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Import of cotton affecting local prices

  1. Closure of coal mines
  2. Import of cotton affecting local prices
  3. Decline in revenue collection
  4. Salt problems in irrigated soils
  5. Changes in corporate and income tax rates

Spinners take the advantage of depressed international prices

By SHABBIR H. KAZMI
July 05 - 11,1999

Cotton from 1999-2000 crop is expected to reach the ginneries shortly. However, spinners have already imported about 400,000 bales. Import at such a high level has depressed local prices despite the fact that there was a forecast for shortfall in local production of cotton. The estimated production for the last year's crop was 7.5 million bales against a target of 10.5 million.

Fearing a shortfall in local production, spinners made hectic efforts to import large quantity by taking the advantage of lower international prices of cotton. It is estimated that letters of credit were established for import of over 500,000 bales of cotton. Spinners' efforts to convince the government to impose ban on export of cotton from Pakistan failed. The government was not ready to change the policy of free trade of cotton. Despite no restriction on export, cotton could not be exported from Pakistan in large quantity because of higher domestic prices. Import of about 400,000 cotton bales has helped in improving supply and containing local prices.

The reported production of 7.5 million bales is still a mystery. In the absence on any reported pest and virus attack one fails to understand the wide gap between the target and the estimated production. The sector experts say that production of about one million bales was not reported due to imposition of GST. Therefore, the total production was 8.5 million bales not 7.5 million bales. This was the reason that at the fag end of season the prices declined.

While talking about the actual consumption of cotton in the country, it is necessary to ascertain the number of working spindles and rotors. The All Pakistan Textile Mills Association has not been able to provide authentic figure. However, only the members are responsible for the failure of the Association. The sector experts say that many mills which were reported 'closed' by the management are still in operation. Besides, the mills do not report exact level of production to the Association.

Textile sector experts say that even 7.5 million bales were sufficient to meet the demand of local spinners on the basis of reported working spindles and rotors. This assumption was based on a fact that the textile exports were on a decline due to recession in importing countries. Asian currency crisis further aggravated the situation for local manufacturers of textiles and clothing. Still, spinners took the advantage of depressed international cotton prices and imported superior quality cotton in fairly large quantity. However, it is feared that spinners are using the superior quality cotton for the production of coarse counts of yarn which fetch lower price. Therefore, the profitability of spinners will not be improved.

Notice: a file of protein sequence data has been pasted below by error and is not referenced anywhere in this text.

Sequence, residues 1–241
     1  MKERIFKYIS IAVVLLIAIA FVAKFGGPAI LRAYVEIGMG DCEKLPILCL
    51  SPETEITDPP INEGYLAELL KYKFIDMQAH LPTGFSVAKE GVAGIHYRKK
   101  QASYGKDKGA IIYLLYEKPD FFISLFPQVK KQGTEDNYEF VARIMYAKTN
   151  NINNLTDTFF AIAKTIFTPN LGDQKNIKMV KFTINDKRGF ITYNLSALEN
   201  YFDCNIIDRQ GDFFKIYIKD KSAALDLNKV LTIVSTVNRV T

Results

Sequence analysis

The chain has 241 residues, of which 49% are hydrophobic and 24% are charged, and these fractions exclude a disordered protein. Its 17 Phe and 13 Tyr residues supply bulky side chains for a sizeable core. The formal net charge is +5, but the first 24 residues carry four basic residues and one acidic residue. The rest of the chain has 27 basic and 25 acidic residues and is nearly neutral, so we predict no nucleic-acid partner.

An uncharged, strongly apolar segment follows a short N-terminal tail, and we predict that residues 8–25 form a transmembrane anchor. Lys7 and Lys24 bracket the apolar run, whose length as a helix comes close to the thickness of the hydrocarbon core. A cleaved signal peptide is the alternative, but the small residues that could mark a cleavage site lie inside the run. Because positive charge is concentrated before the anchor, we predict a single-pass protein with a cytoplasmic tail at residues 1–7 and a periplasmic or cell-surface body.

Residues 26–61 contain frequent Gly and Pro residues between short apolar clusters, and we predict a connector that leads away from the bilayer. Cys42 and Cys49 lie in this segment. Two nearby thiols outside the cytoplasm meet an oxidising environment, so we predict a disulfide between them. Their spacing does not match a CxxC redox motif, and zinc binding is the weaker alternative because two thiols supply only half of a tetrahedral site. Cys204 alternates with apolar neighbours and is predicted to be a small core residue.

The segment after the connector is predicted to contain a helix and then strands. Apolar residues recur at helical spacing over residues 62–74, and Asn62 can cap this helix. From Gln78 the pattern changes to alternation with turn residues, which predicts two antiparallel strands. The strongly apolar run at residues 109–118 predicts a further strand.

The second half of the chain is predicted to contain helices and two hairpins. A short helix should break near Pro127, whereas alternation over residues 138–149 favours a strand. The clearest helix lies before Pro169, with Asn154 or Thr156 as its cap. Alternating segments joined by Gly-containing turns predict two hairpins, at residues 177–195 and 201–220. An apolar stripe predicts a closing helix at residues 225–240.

Many textile sector experts believe that instead of complaining about poor quality and higher prices of locally produced cotton, spinners should import long staple cotton. It will facilitate in the production of fine and super fine counts of 100 per cent cotton yarn. It is not only in the interest of the spinners but also in the larger interest of the country that the production of coarse counts should be stopped. They also say that value-addition in case of coarse counts of yarn is negative or, at the best, marginal.

Though, the spinners are against the free trade policy of cotton, it is also a fact that they have been the largest beneficiary of the policy in the past. They, as a group, have been exporting the largest quantity of cotton. Spinners also complain about the inferior quality of locally produced cotton. Since there is no bar on import of cotton, they should import long staple cotton and produce fine and super fine counts of yarn which fetch higher prices.

OUTLOOK

The arrivals from next crop are about to start poring in. Therefore, it is necessary to emphasize two points: realistic estimation of crop size and continuation of free trade policy of cotton. Last year's experience clearly highlights the flaws of crop estimation process. The government should also withdraw GST at ginning level.

Spinners often demand that export of raw cotton should be banned but they do not like any quantitative restriction on export of coarse counts of yarn. In all fairness if export of cotton has to be stopped, there should also be a complete ban on export of less than 20 counts of yarn.

The export refinance facility for cotton yarn of less than 30 counts has expired on June 30, 1999. It is suggested that State Bank of Pakistan should not extend the policy for the current financial year. The immediate advantage of the shift in policy will be reduction in export of coarse counts. One should not fear that yarn export will be reduced due to non-availability of export refinance facility. It will rather encourage production of finer counts and help in increasing foreign exchange earning from each kilogram of cotton from the country.